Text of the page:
Sun Pony Ranch

Diary of novice (clueless) ranch owners

Thursday, October 21, 2004

Hey, Hay everywhere, but not a bale to buy

Seems ridiculous, but we still are far from getting our arms around this whole hay buying thing. We've never had to be the purchaser of the hay before, but I thought I knew the issues around it. You want hay that hasn't been rained on or else it molds. Hay that is green and fresh smelling. There are different types of hay that have different nutritional aspects. We have to buy enough hay now to last the winter - or else risk not finding any good hay still available next spring before the first cutting happens. This means we have to have a lot of hay storage. All very manageable things, right? So we thought.

We asked a friend how she went about buying hay. Her advice was that when you find a good source, of course you stick with them. You need to try out multiple sources to find one you consider good. But really, she said, "sooner or later you'll find a field that is beautifully grown and that is where you'll start buying your hay."

HUH? We didn't even know what alfalfa was when we moved onto the ranch... and then it was only by walking out into what the sellers said was our alfalfa field to get familiar. Actually, the horses helped considerably when we took them out to hand graze - as they dragged us from one alfalfa plant to the next.

But assuming we now can recognize an alfalfa field and a grass hay field - making the connection between the field and the owner is not always a simple manner. Some sellers put up signs with their phone numbers, but a lot do not. Heck, many fields aren't even for sale.

I just called a reference and asked if he had any hay available. "Not just right now." was the response. He said it in such away that I asked if they would have some shortly? "Ya never know. You might call back in a few days". Few days? He doesn't even know within a few days if he'll have hay or not? What a crazy business.

Part of the problem is that it has been an incredibly rainy summer and fall. To harvest hay it needs to be cut, dried, turned over to dry on the other side, baled, then the bales picked up. This is somewhere about a 7 day process. But we really haven't had any 7 day periods without rain - and rain during any of this process is problematic.

Take our neighbor who cuts our tinsy-bit of alfalfa when he cuts his. The night it got baled it poured down rain. Dave ran out the next day and picked up the 15 bales our side produces and stuck them under our barn overhang. But they were already wet, so we knew we'd have to feed them quickly. Not 5 days later we were noticing that when we cut the bales open they were warm inside! Talk about a disconcerting experiend. The fermentation had begun. Just for education sake Ginger and I then went to look at the other bales - that were still sitting in the field. We rolled them over and found the bottoms nearly entirely covered with black slimy mold.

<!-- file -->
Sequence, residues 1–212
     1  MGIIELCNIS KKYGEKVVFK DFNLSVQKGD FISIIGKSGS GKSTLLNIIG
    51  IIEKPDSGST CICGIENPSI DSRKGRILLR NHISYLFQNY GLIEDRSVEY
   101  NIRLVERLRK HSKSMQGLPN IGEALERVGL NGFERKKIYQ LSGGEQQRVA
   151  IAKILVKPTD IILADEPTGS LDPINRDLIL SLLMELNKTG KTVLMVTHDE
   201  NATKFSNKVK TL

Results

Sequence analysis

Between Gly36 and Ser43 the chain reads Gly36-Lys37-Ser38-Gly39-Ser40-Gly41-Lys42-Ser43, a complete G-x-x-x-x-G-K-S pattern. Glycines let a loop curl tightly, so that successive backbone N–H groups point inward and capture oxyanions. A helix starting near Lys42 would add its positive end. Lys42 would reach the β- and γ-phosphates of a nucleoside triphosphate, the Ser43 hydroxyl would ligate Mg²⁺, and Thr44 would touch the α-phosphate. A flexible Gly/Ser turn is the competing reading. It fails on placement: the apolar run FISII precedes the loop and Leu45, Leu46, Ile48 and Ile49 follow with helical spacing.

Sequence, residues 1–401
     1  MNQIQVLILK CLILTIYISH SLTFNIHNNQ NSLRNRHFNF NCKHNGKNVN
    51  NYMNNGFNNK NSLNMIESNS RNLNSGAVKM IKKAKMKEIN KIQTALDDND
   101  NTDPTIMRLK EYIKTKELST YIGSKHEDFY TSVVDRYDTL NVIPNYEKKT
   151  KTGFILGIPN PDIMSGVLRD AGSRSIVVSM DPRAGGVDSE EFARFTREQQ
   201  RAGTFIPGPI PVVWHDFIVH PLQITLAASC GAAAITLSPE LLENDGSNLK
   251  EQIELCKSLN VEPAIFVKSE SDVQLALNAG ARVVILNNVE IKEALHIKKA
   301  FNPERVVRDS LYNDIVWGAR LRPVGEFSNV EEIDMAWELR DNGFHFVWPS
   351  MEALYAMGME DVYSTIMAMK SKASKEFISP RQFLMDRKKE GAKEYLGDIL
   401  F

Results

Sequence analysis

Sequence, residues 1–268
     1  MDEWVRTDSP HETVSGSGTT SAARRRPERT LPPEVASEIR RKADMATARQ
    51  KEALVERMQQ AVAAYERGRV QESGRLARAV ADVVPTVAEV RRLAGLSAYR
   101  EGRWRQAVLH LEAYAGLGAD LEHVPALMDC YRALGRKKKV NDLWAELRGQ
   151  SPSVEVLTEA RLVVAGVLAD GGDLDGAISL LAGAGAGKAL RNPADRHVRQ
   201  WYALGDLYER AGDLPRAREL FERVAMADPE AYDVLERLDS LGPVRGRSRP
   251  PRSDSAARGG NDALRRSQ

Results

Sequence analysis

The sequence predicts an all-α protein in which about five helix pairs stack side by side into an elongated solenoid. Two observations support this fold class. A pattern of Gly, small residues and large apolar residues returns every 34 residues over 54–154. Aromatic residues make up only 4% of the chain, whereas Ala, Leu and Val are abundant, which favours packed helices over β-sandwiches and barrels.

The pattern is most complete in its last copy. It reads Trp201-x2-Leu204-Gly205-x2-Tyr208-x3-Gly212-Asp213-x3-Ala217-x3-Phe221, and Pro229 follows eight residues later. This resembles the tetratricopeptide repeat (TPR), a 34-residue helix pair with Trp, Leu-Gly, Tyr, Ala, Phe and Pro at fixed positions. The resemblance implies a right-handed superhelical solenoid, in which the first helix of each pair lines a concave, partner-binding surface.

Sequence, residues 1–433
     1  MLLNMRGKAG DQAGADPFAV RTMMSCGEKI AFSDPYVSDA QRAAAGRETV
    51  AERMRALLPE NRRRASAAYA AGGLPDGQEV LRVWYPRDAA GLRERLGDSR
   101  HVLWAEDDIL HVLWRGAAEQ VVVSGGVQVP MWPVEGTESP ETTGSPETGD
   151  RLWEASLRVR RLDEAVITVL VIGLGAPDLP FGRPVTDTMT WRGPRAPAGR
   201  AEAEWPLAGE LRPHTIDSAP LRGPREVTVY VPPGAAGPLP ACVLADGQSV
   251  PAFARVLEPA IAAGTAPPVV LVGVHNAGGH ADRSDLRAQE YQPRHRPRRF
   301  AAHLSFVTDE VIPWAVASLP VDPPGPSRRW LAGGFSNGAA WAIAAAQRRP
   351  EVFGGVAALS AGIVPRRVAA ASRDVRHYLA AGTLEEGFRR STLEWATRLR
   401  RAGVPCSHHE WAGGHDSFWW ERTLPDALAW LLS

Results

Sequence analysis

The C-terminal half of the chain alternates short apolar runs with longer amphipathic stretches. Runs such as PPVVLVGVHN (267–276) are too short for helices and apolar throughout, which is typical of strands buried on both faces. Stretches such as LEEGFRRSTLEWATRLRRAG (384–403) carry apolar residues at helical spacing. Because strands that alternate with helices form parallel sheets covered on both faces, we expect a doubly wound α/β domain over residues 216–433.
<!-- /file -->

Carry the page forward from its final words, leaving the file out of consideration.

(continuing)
And what happens if you bale too soon? We've run into this too - the guy had baled a little soon because he was rushed by the coming rain storm. Only that hay hadn't dried completely. We bought 6 bales so that we could evaluate it closely at home, and while it isn't nearly as bad as the rain soaked hay, it too is fermenting due to the water content left in the plants.

The second factor we've just learned about is that the longer you allow the alfalfa to grow, the higher protein content it has. Sounds good? Not so much - it actually can get to be far too rich for horses. (This hay is intended for cattle) This can be judged somewhat by examining the maturity of the blooms in the bales, but this really isn't sufficient. Only laboratory testing can be definitive. Some sellers advertise that they have gotten lab results on their hay - but I'm sure we'll be paying more for that.

So, the final lesson in this post - why can cows tolerate much richer, as well as poorer-quality (i.e. moldy) hay than horses? The last time the vet was out he explained it to us. Cows are ruminates - meaning in essence that they don't digest their own food.

Stay with me here - sounds weird, but makes sense eventually.

Rather, the bacteria in their stomachs feed off of the food they ingest, and the cow lives off of the by products from the bacteria. And the bacteria, as we all know, turn out to be a pretty hardy bunch regardless of what forage you give them. Fascinating! Horses, and humans, however, have to break down their own food and live off of the results from that. Part of the result is that we have much more touchy digestive systems than the ruminants.

Anyways, I think the upshot is that this weekend we purchased a few bales of what looks to be great grass / alfalfa mix hay from a friend of a friend. As this was from her second cutting this year - harvested approximately 8 weeks ago - if it hasn't fermented yet it isn't going to. Secondly it's been barn stored, so though it is going to cost a little more than else where ($4), we are just eager to put this hurdle behind us.

Next hurdle - locate a trailer to use to go pick up about 200 bales, and then storing it for the winter.



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